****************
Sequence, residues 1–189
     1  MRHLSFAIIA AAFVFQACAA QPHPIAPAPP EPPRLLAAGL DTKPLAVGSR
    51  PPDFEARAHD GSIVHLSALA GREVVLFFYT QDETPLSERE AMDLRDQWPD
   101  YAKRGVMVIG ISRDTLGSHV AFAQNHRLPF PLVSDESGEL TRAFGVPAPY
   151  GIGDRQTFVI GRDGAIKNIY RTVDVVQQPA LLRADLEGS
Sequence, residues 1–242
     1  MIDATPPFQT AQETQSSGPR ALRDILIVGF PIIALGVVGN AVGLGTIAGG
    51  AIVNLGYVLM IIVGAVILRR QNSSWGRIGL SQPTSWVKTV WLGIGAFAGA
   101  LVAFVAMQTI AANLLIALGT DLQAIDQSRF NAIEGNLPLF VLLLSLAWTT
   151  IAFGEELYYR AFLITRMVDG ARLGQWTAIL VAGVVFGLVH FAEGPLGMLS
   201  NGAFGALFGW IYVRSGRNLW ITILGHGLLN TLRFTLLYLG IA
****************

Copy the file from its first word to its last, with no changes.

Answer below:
Sequence, residues 1–189
     1  MRHLSFAIIA AAFVFQACAA QPHPIAPAPP EPPRLLAAGL DTKPLAVGSR
    51  PPDFEARAHD GSIVHLSALA GREVVLFFYT QDETPLSERE AMDLRDQWPD
   101  YAKRGVMVIG ISRDTLGSHV AFAQNHRLPF PLVSDESGEL TRAFGVPAPY
   151  GIGDRQTFVI GRDGAIKNIY RTVDVVQQPA LLRADLEGS
Sequence, residues 1–242
     1  MIDATPPFQT AQETQSSGPR ALRDILIVGF PIIALGVVGN AVGLGTIAGG
    51  AIVNLGYVLM IIVGAVILRR QNSSWGRIGL SQPTSWVKTV WLGIGAFAGA
   101  LVAFVAMQTI AANLLIALGT DLQAIDQSRF NAIEGNLPLF VLLLSLAWTT
   151  IAFGEELYYR AFLITRMVDG ARLGQWTAIL VAGVVFGLVH FAEGPLGMLS
   201  NGAFGALFGW IYVRSGRNLW ITILGHGLLN TLRFTLLYLG IA